I've been training neural networks since before it was cool (circa 2016), and have been fortunate to contribute to a number of incredible innovations in AI through my work at Ezra:
- The first FDA-cleared Prostate AI in the world
- The first radiology report to lay-term translation AI
- The world's first AI-powered 30-minute full body MRI
I sometimes get asked how one can go about becoming a machine learning engineer, so I've put together a list of my favorite resources. I recommend you go through them in the exact order below.
- Neural Networks: Zero to Hero by Andrej Karpathy. This series will teach you how to build a neural network from scratch, including forward feed, backprop (including calculating the gradients manually). It's very useful for understanding the internals of a neural network.
- Practical Deep Learning by Jeremy Howard. Once you understand how a neural network works, it's time to get some actual practice building them (without worrying about the internals). I have found it's most useful to go through this once you've done Andrej's course above, as you'll be able to follow along much better.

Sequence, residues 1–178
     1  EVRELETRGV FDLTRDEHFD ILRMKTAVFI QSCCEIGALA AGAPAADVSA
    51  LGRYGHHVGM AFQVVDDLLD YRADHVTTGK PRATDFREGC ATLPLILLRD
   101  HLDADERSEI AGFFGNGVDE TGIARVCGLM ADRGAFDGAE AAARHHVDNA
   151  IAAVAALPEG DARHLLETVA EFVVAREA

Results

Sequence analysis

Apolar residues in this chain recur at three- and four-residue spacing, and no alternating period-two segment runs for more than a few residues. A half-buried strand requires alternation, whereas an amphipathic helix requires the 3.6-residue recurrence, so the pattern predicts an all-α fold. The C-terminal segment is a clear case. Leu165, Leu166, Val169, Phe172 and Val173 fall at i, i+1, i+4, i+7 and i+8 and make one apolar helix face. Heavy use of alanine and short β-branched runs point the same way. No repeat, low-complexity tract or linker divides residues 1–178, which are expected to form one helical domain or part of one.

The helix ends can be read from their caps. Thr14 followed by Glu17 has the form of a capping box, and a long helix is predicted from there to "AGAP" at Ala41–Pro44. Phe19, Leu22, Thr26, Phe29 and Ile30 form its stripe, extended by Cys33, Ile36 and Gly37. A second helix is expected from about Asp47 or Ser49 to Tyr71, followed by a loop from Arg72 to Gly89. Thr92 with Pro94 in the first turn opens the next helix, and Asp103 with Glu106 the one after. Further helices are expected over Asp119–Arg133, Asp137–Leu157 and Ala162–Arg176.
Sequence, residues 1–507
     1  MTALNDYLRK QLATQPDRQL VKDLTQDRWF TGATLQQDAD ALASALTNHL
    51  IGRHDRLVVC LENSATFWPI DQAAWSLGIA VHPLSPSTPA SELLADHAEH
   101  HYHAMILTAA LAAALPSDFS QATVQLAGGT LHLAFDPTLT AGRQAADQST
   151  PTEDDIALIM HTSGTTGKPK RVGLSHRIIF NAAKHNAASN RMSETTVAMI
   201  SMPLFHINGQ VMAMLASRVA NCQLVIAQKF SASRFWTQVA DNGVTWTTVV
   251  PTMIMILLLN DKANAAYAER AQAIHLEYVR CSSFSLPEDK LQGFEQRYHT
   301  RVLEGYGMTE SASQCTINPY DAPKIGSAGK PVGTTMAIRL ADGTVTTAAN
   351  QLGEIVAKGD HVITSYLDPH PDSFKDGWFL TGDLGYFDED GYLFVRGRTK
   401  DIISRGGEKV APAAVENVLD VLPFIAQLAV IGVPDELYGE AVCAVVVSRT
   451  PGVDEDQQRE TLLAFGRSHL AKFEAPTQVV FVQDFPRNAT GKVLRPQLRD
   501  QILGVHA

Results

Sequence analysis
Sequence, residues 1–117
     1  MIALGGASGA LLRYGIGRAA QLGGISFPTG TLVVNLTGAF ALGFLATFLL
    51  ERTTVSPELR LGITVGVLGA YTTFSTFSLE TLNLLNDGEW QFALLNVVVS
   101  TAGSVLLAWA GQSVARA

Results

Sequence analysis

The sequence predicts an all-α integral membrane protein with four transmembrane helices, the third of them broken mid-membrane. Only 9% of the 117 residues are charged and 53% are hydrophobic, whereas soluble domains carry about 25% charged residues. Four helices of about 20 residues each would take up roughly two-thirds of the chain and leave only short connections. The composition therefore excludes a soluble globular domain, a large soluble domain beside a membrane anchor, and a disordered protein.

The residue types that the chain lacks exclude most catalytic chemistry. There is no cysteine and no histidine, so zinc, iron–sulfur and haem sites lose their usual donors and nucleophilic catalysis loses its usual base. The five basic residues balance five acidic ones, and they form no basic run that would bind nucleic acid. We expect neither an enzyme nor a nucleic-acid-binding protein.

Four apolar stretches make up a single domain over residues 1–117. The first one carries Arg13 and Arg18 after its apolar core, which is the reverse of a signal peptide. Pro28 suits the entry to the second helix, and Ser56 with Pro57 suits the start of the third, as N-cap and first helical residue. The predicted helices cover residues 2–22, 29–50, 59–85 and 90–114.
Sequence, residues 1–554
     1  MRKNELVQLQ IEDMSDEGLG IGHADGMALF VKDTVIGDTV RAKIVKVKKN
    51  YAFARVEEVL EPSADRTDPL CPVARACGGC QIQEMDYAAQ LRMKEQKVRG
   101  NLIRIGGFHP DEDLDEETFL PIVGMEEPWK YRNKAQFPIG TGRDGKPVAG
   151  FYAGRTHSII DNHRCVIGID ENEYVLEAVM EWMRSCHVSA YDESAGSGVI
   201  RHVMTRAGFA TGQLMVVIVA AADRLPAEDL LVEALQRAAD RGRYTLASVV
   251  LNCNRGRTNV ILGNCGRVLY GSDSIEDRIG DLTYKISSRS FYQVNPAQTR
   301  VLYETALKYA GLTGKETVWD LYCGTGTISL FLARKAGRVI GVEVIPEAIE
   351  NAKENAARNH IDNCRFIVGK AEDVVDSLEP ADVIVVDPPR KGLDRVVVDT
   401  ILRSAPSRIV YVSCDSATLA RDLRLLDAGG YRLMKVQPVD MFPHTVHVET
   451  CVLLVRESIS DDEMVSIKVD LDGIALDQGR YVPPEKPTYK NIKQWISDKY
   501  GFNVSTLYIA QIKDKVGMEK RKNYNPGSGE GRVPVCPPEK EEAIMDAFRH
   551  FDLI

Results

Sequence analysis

- Read Practical Deep Learning for Coders. Jeremy Howard wrote this book before creating the Fast.ai Course (above). I recommend you do the course first, then read through the book and / or use it for reference.
- Read Deep Learning with Python by François Chollet. Even though the book uses examples written using the Keras library (I prefer PyTorch), it does a pretty good job drilling the key concepts into your brain.
Going through the stuff above will give you a very sound foundation for becoming a machine learning engineer. From there, the only way to learn is through practice. Find an area you're interested in (for me, it's healthcare imaging data), find a Kaggle project in that area, and try to break into the top 10 for that project's leaderboard (FYI it's going to be pretty hard).